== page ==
Dawn Whitmore: Guns of Desire
By Grace Aneiza Ali
In her provocative photography project Gun Love, Washington, D.C.-based photographer and visual artist Dawn Whitmore transforms weapons of destruction into objects of desire. This collection of gun portraits is unapologetically about glamour and bling. What it’s not is a celebration or glorification of gun culture despite how it may appear at first glance.
Encased in gold, bejeweled, bedazzled, imprinted with Hello Kitty stickers, adorned with a breast cancer ribbon, designed with floral prints, embossed with the Louis Vuitton logo, or simply bathed in bright pink, these decorated firearms, intentionally manufactured and marketed for their “feminine mystique” are a striking commentary on a troubling American gun culture and the modern woman.
In what is a layered artistic process, Whitmore sources and prints the images of these (real) guns found online, sets them against elaborate print designs, and re-photographs the combination of gun and background. The result is a disturbing yet compelling beautification of the gun, leaving the viewer entranced by the shiny, glitzy, deadly object.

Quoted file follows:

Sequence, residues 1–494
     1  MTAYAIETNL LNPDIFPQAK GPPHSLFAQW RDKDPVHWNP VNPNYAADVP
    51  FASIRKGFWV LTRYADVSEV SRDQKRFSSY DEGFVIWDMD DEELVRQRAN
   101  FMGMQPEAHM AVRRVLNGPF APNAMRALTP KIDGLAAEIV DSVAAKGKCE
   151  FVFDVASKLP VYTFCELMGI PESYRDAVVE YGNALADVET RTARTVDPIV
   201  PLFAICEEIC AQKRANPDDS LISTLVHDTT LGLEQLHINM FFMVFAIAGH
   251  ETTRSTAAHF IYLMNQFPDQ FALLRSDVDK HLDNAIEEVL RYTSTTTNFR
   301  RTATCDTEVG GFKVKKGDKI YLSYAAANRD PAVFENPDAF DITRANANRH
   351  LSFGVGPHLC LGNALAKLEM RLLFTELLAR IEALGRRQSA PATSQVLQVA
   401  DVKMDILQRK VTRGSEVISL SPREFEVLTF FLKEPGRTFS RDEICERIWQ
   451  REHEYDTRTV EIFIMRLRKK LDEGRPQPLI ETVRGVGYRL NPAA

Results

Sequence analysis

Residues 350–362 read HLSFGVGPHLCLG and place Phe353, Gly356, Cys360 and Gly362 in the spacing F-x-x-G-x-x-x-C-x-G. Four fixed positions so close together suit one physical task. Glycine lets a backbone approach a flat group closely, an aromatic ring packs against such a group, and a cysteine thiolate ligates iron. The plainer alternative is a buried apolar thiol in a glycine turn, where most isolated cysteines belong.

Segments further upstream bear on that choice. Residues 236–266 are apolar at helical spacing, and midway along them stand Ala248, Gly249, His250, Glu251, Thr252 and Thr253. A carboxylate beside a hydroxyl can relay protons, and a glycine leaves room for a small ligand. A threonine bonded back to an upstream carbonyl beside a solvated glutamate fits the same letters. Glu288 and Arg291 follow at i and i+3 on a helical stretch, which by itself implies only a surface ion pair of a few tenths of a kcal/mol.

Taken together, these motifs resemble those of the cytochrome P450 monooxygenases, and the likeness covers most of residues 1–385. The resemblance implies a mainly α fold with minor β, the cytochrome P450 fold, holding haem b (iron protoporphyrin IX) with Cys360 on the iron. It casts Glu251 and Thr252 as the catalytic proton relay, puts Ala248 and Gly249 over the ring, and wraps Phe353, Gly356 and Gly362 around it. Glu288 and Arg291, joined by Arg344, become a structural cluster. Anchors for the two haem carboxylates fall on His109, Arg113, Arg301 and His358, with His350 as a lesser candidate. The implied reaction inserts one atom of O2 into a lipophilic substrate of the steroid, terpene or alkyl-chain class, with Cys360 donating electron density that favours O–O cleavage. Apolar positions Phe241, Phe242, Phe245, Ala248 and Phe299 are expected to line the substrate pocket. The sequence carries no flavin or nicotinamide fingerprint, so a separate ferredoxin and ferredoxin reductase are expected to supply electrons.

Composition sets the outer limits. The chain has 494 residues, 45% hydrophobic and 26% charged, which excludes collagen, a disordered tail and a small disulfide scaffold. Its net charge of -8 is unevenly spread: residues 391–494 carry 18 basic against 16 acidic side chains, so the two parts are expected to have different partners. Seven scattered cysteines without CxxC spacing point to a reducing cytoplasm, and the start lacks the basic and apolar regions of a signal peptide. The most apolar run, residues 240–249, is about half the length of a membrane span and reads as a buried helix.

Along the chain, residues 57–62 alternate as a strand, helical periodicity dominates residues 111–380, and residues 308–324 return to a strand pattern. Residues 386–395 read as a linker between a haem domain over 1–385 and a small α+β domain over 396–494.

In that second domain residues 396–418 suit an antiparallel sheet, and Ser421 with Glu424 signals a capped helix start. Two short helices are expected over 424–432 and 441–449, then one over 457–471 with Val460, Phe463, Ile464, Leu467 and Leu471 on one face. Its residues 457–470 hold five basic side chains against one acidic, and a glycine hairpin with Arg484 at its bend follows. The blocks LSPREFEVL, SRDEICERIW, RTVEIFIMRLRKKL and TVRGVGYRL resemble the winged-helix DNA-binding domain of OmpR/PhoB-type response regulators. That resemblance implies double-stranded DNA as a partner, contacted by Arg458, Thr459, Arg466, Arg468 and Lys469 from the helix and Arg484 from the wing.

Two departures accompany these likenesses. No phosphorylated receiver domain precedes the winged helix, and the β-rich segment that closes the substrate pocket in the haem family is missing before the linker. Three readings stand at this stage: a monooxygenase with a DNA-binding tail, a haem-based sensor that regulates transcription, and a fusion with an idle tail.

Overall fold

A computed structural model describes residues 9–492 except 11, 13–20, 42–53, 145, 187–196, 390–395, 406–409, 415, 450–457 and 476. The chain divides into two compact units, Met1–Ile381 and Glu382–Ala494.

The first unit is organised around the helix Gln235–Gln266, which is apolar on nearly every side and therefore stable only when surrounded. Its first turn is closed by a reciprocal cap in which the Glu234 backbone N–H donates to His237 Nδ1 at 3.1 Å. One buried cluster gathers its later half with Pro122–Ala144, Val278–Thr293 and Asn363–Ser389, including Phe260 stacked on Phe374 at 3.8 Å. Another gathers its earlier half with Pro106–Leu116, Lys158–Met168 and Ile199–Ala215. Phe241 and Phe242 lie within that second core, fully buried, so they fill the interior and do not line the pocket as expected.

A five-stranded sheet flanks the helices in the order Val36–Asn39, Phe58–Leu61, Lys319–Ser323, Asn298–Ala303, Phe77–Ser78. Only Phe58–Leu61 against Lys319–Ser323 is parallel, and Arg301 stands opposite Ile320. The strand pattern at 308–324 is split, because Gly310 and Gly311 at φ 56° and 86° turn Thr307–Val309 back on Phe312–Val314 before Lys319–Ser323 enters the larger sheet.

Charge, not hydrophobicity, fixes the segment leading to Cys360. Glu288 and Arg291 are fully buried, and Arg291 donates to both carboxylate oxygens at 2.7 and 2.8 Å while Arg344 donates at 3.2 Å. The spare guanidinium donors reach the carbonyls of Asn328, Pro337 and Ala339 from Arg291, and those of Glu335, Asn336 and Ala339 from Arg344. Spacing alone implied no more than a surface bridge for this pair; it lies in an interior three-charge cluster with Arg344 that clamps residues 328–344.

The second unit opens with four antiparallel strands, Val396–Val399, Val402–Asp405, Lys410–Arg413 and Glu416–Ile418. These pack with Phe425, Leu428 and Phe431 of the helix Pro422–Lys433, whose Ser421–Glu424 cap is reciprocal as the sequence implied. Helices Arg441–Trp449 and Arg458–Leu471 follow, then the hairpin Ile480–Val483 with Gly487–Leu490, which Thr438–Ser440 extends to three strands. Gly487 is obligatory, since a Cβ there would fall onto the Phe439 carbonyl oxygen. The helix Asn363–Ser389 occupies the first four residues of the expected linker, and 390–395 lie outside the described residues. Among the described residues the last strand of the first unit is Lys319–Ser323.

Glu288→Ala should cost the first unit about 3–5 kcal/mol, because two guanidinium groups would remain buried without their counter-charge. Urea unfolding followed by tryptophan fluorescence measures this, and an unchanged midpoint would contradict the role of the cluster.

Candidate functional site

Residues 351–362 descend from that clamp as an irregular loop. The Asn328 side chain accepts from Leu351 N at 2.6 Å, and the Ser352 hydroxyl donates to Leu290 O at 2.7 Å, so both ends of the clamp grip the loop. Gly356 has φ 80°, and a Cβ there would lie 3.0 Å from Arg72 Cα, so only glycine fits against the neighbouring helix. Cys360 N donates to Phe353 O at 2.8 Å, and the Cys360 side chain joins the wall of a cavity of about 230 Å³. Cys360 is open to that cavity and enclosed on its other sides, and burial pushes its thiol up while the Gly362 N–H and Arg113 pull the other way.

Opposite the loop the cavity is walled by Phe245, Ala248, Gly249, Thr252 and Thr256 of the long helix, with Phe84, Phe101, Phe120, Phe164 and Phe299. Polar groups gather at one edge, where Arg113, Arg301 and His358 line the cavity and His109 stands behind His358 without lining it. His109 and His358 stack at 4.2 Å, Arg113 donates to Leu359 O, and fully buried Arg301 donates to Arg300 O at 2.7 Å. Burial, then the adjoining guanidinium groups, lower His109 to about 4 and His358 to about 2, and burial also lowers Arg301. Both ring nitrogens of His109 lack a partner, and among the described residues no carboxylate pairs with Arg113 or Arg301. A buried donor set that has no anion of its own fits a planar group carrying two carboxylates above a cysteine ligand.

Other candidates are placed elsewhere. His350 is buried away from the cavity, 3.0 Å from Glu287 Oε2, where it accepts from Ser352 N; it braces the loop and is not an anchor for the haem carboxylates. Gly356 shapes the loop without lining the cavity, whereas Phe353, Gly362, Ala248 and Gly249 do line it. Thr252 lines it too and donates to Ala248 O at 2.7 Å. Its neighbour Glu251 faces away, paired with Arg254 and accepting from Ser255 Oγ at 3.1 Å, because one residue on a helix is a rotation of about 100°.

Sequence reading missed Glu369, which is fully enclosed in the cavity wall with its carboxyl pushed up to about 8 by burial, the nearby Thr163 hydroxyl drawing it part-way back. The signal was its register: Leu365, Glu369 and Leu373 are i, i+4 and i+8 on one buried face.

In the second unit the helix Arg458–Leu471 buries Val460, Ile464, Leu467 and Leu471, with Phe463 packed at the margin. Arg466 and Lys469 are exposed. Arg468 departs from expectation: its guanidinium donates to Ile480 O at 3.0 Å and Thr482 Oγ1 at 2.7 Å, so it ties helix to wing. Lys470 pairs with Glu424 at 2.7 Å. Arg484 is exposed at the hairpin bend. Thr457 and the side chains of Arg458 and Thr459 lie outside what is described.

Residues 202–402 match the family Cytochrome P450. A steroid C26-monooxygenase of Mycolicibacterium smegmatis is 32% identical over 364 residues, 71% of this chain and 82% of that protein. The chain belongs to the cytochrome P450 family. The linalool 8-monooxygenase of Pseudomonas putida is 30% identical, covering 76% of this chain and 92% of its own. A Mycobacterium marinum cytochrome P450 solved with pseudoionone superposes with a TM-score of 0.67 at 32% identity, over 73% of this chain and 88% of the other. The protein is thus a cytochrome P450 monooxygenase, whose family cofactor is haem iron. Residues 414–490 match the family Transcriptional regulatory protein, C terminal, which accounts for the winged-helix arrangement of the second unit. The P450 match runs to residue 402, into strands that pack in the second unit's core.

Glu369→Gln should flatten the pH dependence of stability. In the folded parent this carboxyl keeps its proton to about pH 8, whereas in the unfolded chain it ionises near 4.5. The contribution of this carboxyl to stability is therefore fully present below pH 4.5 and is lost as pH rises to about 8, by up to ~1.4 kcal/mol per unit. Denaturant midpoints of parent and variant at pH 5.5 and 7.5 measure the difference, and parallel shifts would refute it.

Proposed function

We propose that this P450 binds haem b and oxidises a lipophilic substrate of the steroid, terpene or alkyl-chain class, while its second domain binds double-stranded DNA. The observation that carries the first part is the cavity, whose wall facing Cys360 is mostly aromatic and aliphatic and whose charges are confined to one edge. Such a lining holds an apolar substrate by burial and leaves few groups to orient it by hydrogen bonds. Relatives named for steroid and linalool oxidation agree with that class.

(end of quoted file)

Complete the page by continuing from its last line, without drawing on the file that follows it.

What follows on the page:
Gun Love also features staged portraits of women modeling as various characters and holding replicas of the real decorated guns Whitmore found online. Many of the models had never held a gun before. Whitmore gave no directions on how they should pose, only asking the women to portray the stance they felt a woman with a gun should embody. The portraits reveal, according to Whitmore, how a gun can immediately transform one’s sense of power.
Whitmore, who has a background in environmental conservation, was no stranger to gun culture and grew up around a hunting community in rural Maryland. It was a particular kind of hunting of animals that ignited Gun Love. In a controversial strategy that made headlines in 2013, the National Park Service responded to a problem of too many deer in D.C.’s Rock Creek Park that were threatening the park’s ecosystem, by hiring sharpshooters to kill them. Whitmore began making work in response to these “managed hunts” and in doing so encountered images of women hunters, decked out in camouflage outfits or pink gear, full make-up, and posing with pink rifles, or at times, their bloody kill.
Whitmore questioned this growing visual imagery — women with guns dressing provocatively in hunting scenarios. Wondering whether this portrayal of women with decorated guns was coming from a male or female gaze, Whtimore began to formulate Gun Love. She exhibited the project in 2015 as an artist-in-residence at the Arlington Arts Center in Virginia.
We first encountered Whitmore’s work on the cover of Montana Ray’s collection of poems, (guns & butter), which is also featured in The Gun Issue. This Spring, in an interview with Whitmore over Skype, we talked about our culture’s use of women with guns as a marketing tool to sell sex and power.